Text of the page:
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An ascent of Dream of White Horses, Gogarth Anglesey UK. By Sharon Gerrish

Was it the name, or was it the atmospheric, grainy black and white photograph of tiny figures suspended on a huge rockface with white spray pounding below, that had us driving along the M62 at 7.00am in late August? For three years, since I had started climbing I had had this dream, this, "Dream Of White Horses." Seen years ago in, "Hard Rock," beyond me, I never dreamt that I could also suspend myself from that sheer face. We pulled up at 9.30 into North Stack car park. Another car was there, climbers slowly packing large sacks of gear. I felt sick. Why was I there, I'm not a climber. What excuse can I use for not doing it now? The wind blew strongly, cold from the North West. "It'll be straight onto the face, it'll be too cold to climb," I said hopefully. "Last time I did it, it was raining," said my climbing partner, "It probably won't be so bad at the bottom."

The walk to North Stack was tense. We talked remembering the last time I had been there with a child of two in a backpack. I'd got lost on Hollyhead mountain, sense of direction gone, desperate to get back to the safety of the car. "God I don't like this place, it's scary and full of bad memories." I'm getting more scared by the minute. We're beaten to the route by the other climbers so to waste time we scramble down to view Wen Zawn. As I descend slowly, uncertain of the path, it's height above the sea and steep, slippery rocks my body cools rapidly in the North wind. Surely it's too cold to climb but my partner is happily pointing out the finer points of the climb. He's too sure of himself. We gear up. Sandwiches and coffee drunk slowly to stretch the inevitable moment. "Take care on the walk to the abseil," my partner says. He doesn't mention the sheer drops of 90 metres to the sea far below, that make me even less confident. Abseil quickly rigged and he disappears down the rope. Suddenly all my skills vanish. Hours of putting my ATC on ropes at the climbing wall last winter goes from my mind. "How will I attach myself to the rope?" "All clear, I've got a belay, come on down." I fix myself to the rope. It comes back, the relief of starting clears my forgetfulness. I make an awkward move over the top, thread myself through a crack in the block and I'm off. Slowly, carefully but then, "This is it, I'm on my way to do Dream." I relax a bit and start to enjoy myself.



First Pitch


The first pitch is steep but not vertical. Huge holds appear when they are needed. I reach two runners and the pitch starts to traverse left across the face. "I must be near the place where the wave crashed and the small bodies were caught for ever on film during that first ascent." Hung on the first belay, trusting the gear to hang out into space, "It's an unnatural feeling placing your weight on two small lumps of metal stuck in the rock." I'm getting cold now. There isn't any shelter down here, the wind does blow straight onto the face. I put on my waterproof coat and huddle down into the collar to shelter from the wind.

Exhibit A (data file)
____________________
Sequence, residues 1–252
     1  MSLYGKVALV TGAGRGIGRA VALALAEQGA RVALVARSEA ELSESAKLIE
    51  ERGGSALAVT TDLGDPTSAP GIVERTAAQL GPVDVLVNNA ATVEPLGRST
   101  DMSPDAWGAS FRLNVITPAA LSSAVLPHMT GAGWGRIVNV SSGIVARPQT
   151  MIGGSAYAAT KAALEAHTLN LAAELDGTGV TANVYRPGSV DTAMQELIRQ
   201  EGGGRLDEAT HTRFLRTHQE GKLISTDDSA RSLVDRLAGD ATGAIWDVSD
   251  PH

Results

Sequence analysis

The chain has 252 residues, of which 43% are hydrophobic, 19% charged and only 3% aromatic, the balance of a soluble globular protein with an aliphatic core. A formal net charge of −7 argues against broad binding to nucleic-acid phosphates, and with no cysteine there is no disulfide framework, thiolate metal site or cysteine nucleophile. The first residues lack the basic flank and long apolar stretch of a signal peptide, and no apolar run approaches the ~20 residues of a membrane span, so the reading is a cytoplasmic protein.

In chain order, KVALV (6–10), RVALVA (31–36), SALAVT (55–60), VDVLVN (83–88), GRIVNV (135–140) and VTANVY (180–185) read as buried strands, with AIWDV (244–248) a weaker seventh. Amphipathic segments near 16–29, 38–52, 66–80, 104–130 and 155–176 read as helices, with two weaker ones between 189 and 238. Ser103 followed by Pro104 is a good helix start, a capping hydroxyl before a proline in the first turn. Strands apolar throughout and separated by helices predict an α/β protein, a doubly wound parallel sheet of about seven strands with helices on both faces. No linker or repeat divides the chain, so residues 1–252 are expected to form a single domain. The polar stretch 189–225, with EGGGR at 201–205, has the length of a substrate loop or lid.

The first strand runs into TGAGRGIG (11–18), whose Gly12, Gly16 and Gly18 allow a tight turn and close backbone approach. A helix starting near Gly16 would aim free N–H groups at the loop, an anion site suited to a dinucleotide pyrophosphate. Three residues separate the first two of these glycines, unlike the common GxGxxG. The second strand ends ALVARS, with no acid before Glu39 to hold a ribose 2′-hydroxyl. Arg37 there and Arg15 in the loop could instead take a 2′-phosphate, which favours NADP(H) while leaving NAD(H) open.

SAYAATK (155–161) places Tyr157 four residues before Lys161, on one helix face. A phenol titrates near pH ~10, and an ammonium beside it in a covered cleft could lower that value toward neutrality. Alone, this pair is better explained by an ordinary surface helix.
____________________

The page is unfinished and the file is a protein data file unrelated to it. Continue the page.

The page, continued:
Two pitches later, moving slowly to accommodate the speed of the pair climbing in front of us I am belayed in a chimney of what looks like rubble glued together with cement. In front of me the amphitheater that makes up the final pitch swoops away to the left with the stomach churning exposure of Wen Zawn falling away below it. "What happens if I fall? Where will I end up?" I check that my prussic loops are still attached to my harness but would I know how to use them dangling in space 40 metres above the sea? "I'll fix as many runners as I can to protect your moves," I dimly hear my partner say as he moves off across the steep slab. I can see the sun just away to my left. "If only I was in it," I reason, "I would be warm and this pitch would be easy." I try to kid myself but I know that it's the great drop, the awesome position of the pitch that is scaring me. The rope steadily creeps out, draped between the runners across the traverse, a stream of advice about this move and that floats back to me, then he's gone and suddenly he's at the top.


On the Last Pitch

I move off, stiffly from hanging in the cold. The holds are big and maybe it's not as bad as I thought. I remove a runner, climb down and around a small rib of rock and then stretch back to remove the next runner. It won't move. I climb up higher to wriggle it hanging on in an uncomfortable position. Ten minutes of working at the stubborn piece of metal and I'm getting scared. Arms pumping as they grip harder than they should. In the end I reluctantly remove the quickdraw and leave my first ever runner behind. A few minutes later I followed the rope around a corner and there above me was my partner, sunlit in the clear blue sky. A few more moves and I had done it. On the way home in the car we were tired. We had drunk tea in the cafe and talked about the exposure, the cold, the slow climbers in front. We had relived the moves and looked forward to the photos that would show our success. I felt elated enough to volunteer to be the first driver on our way home.

As I drove along the M56 I thought about my achievements but soon the warm glow of success turned to a weary sleepiness. We changed drivers. I settled down to dream of my classic dream......until..........the engine went BANG! Was my dream really worth £850

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